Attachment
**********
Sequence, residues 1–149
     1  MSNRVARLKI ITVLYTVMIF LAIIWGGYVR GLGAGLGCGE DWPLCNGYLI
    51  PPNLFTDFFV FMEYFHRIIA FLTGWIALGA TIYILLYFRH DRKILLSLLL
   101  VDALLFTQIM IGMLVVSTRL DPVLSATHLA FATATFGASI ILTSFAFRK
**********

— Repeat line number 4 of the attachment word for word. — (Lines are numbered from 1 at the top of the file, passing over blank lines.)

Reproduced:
   101  VDALLFTQIM IGMLVVSTRL DPVLSATHLA FATATFGASI ILTSFAFRK